Printed Indian currency, from the Reserve Bank of India security press at Nasik with an estimated value of INR 10 billion is stolen by underworld Gangster Vikram (Salim Ghouse) living in London. The container is snipped off from a goods carrier en route to New Delhi, through Vikram's henchman. The access card of the container is in the possession of pop star Chandralekha (Anu Agarwal). The CBI chief Laxminarayana (S. P. Balasubramaniam) is assigned to track down the stolen currency, which is already attested by the governor of the Reserve Bank of India. On her way to Vikram chandralekha comes across two burglar's Kadhir (Anand) and Azhagu (Prashanth) who are on the run from the police—having in tow country-girl Rasathi (Heera Rajagopal) whom they kept from committing suicide and who then ran away from her ruthless uncle. Laxminarayan's assignment will lead him to Ashok Tejani, and then the two burglars, who are on the run from the Police along with the suicidal village belle. His efforts will be frustrated even more after Ashok is killed and his girlfriend Chandralekha, is absconding; and the entry of the international drug dealer himself, simply known as Vikram, who will stop at nothing to get his hands on the loot. After some attempts of cheating each other Chandralekha is making friends with the thieves. When she discovers that Vikram is stopping at nothing—especially not at dead bodies—on his hunt after the loot, she informs the three others about the real value of the code card. In the following pursuit between Vikram, the four heroes and a special police brigade, which has to get back the money before a state crisis comes about, there is not only fierce action, but also love comes to its own.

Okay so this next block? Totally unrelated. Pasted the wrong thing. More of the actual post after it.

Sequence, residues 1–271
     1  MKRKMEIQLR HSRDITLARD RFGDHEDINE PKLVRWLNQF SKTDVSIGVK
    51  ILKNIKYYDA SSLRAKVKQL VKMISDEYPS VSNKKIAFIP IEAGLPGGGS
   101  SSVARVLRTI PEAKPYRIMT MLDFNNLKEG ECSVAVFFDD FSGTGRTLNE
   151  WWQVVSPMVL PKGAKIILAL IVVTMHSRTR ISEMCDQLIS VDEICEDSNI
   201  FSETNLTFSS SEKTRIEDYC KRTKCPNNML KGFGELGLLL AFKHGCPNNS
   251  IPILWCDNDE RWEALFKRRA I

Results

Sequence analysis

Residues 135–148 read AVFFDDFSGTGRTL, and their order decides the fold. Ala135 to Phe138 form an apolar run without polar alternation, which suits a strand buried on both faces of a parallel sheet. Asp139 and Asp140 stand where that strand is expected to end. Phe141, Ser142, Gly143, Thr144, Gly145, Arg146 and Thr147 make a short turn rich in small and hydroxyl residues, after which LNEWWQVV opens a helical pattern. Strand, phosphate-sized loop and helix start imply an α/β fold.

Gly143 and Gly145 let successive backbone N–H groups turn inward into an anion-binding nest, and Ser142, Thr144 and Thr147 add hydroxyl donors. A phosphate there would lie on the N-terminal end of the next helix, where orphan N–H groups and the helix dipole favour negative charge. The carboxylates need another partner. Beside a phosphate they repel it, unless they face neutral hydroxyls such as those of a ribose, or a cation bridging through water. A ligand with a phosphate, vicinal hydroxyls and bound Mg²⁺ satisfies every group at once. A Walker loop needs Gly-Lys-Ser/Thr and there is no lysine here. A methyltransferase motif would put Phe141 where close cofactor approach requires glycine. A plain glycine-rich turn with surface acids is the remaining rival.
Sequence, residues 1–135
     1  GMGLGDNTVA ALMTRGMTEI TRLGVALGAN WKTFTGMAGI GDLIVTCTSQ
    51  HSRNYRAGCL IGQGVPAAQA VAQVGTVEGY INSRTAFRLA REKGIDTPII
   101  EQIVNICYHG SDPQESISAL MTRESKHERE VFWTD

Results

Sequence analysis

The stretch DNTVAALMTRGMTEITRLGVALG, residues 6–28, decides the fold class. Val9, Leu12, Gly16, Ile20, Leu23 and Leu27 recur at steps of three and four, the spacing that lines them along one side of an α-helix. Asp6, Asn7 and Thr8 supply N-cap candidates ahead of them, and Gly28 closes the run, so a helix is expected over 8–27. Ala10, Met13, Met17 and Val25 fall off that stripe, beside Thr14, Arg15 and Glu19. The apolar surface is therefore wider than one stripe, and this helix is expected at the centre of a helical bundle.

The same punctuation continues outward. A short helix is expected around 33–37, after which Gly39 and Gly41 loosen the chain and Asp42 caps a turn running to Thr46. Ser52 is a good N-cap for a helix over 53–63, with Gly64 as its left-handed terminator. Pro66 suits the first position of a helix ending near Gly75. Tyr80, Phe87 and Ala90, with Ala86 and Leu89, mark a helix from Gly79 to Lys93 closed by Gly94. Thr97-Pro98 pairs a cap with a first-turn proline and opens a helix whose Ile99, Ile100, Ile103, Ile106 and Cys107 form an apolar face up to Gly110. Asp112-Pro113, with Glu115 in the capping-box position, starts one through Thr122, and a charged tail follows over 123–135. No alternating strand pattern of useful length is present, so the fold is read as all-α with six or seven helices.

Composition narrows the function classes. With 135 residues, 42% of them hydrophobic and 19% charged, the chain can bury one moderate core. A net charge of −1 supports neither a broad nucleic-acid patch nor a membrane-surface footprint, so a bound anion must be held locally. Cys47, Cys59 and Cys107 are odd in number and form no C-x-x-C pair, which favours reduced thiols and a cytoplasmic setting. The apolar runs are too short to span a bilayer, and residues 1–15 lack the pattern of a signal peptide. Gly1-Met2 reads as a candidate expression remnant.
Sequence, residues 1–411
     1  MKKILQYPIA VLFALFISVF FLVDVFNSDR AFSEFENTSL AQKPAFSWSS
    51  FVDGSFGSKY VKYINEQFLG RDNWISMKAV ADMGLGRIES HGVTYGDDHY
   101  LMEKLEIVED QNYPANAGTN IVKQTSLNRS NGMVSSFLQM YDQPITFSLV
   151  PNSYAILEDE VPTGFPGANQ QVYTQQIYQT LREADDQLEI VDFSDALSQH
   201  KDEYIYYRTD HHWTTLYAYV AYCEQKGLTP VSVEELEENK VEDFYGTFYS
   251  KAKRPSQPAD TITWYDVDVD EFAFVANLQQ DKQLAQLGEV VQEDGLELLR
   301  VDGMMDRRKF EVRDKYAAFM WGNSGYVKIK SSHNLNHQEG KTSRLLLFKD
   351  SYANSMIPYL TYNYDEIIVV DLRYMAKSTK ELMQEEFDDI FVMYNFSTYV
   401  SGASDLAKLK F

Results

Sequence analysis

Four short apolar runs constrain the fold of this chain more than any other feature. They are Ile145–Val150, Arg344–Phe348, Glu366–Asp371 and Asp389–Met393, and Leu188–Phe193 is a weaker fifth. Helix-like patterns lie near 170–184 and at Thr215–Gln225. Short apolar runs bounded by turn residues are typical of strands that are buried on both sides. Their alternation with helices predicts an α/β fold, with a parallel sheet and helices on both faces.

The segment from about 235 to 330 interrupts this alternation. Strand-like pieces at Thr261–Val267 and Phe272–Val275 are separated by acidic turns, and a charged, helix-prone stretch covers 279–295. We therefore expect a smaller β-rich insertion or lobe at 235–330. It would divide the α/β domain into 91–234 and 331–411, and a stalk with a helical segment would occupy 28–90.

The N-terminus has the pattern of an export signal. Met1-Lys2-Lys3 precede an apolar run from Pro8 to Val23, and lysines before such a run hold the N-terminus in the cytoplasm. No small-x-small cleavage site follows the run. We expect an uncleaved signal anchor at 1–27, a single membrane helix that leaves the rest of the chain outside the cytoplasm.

Cast[edit]